|The forward mast as it heads out over the sand||One of the deck winches near the bow|
|Kelly and another winch at the bow||The huge anchor winch with chain running out bottom right|
Once the tide has begun to slow, you can enter the water and descend. The buoys are located at the bow and amidships. The best one to descend is the amidships shot which is attached to the wreck near the very large donkey boiler. This is out in the open.
Once you reach the bottom (about 24 metres on a low tide at the shotline), you should be able to see the very large boiler for the donkey engine. Most boilers for donkey boilers are small, but this one is as big as boilers I have seen on coastal colliers back home in Australia. From here head towards the stern (if it is high tide - head to bow if low tide - this will assist you in swimming both ways). As I dived it at low tide, I will describe the dive from the boiler to the bow and back to the boiler and then to the stern.
|Kelly and the bow||Kelly approaches the spot|
where the bow is broken from the rest of the wreck
|A pile of rubber hose behind the bow||The timber on the deck in the section behind the bow|
As mentioned, the slight current at the start of the dive took us towards the bow. The depth of the sand is about 28 metres around the whole wreck. Straight away you will see that the deck of the wreck is tipped over at about 60° to starboard. The hull and deck are opened up in many spots and you can see inside the hull. At one spot there is a floor composed of brown and white ceramic tiles. There are many bollards, then a mast on the sand running out of sight.
Near the mast there are a number of crane arms which are also on the sand. Towards the bow there are some huge winches for the cranes. There is also a very large anchor winch which has chain running out from it.
At the bow the wreck is broken in two, with the bow section still very intact. The bow section of the ship has tilted over to port rather than starboard like the rest of the wreck. By now you should have been down about 10 or 12 minutes and the depth is still 28 metres. The current has probably slowed by now or even started to run in the opposite direction back towards the stern.
Swim around the bow and come back along the deck side of the bow. I did not see any anchors, but they may be there. Back at the break you can see into the bow section. Also, as you swim over the main deck of the larger part of the wreck you can see that the deck has a lot of the original timber decking still in place. In spots you can see inside the hull and there are coiled rubber hoses and other objects.
|Kelly and some bollards amidships||Kelly and the same donkey boiler shown|
above, viz is much better now
|Kelly and one of the boilers still inside the hull||Kelly approaching the engine room area|
As you head back towards the stern, now with no current or a very slight one behind you, you are a bit shallower at 24 to 25 metres. When you see the donkey boiler, have a look at the main part of the wreck. Inside here you will see that there are two huge boilers, bigger than the one out in the open. If you look more carefully, there is in fact another boiler visible (there must also be one more but it is out of view).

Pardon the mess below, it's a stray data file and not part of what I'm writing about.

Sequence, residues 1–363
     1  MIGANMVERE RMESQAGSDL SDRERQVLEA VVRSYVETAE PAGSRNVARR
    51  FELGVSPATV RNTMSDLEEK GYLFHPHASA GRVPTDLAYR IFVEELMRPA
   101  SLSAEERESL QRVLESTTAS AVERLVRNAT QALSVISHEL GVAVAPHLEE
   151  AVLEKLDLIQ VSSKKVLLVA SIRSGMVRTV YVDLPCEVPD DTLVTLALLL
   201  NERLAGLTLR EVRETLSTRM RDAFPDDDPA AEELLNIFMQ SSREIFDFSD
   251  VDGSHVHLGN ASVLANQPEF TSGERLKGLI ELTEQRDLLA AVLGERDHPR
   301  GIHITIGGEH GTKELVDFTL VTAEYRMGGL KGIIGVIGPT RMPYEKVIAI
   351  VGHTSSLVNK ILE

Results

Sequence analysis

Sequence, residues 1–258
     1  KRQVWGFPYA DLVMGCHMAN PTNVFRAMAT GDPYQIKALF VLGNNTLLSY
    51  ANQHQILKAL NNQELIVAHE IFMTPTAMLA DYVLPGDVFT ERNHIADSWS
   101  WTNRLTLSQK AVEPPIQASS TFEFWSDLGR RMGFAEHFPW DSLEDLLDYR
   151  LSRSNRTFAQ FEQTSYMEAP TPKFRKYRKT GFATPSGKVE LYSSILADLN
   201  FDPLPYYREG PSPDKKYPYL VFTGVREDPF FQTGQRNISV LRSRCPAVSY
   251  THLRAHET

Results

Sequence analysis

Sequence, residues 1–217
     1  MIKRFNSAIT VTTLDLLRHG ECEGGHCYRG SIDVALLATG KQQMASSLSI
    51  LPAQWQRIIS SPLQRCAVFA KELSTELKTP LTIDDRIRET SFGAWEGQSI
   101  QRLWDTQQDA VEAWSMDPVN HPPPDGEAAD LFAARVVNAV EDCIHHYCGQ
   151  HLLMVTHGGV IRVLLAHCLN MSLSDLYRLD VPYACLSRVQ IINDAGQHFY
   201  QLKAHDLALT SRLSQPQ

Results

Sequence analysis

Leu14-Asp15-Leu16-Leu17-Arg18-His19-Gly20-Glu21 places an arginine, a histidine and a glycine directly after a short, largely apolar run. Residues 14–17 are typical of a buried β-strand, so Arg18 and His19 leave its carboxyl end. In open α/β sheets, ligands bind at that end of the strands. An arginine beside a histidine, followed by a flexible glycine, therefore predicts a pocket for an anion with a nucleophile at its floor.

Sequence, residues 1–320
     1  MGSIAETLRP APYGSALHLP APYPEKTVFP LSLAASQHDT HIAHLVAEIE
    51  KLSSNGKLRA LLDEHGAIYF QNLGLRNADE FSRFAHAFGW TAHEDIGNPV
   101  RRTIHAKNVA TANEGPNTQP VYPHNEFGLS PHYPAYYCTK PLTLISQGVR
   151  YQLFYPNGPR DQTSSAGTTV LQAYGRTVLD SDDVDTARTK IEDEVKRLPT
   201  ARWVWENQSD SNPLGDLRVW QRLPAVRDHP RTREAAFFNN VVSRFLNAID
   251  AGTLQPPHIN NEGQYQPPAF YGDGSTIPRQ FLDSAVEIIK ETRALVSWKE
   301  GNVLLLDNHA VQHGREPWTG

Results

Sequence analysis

To the stern of this there is a very open area where you can swim inside the wreck and exit further back. This is quite interesting and safe. Behind here there is the first of the two engines. As far as I could see, the engines are not set side by side, but one is a bit forward of the other. This is presumably because the engines were too wide to fit next to each inside the hull.
The engines are triple expansion steam engines and are almost totally over on their starboard side. This area is near where the torpedo hit so there is a fair bit of damage. At the rear of the engines the flywheels and prop shafts can be seen. The wreck is very opened up here due to the torpedo damage and natural attrition.
|One of the triple expansion steam engines,|
this is the low pressure cylinder
|Kelly approaches the stern on the top of the port railing|
|A pair of bollards at the stern||Kelly is dwarfed by one of the prop shafts|
As you approach the stern you will see some more bollards and winches. The port prop shaft can be seen sitting high. The props were obviously salvaged at some time, well at least the port one (I am not sure if the starboard one is above the sand).
By now, we are well into deco, having hit it at 20 minutes. It is now 28 minutes into the dive so we decide to ascend. I shoot an SMB. We ascend slowly in the light current and end up doing six minutes of decompression at six metres before doing some more as a safety stop. We were diving on air, but a Nitrox mix of 32% would have been very nice and enabled a longer bottom time. When we ascended, the current had picked up a bit was still very manageable. I think we could have easily done 32 to 35 minutes without a problem from the current.
|A download from my computer showing our profile for the dive from midships to the bow and then to the stern of HMAT Kyarra |
This is a brilliant wreck, one of the most enjoyable I have done anywhere in the world. It is considered to be England's best wreck dive, I think that this is probably accurate. On the dive we had visibility of about 10 metres which the locals considered to be very good. The water temperature was just over 18° (in late August). A must do dive if you are in the area.
Photos taken from GoPro video footage.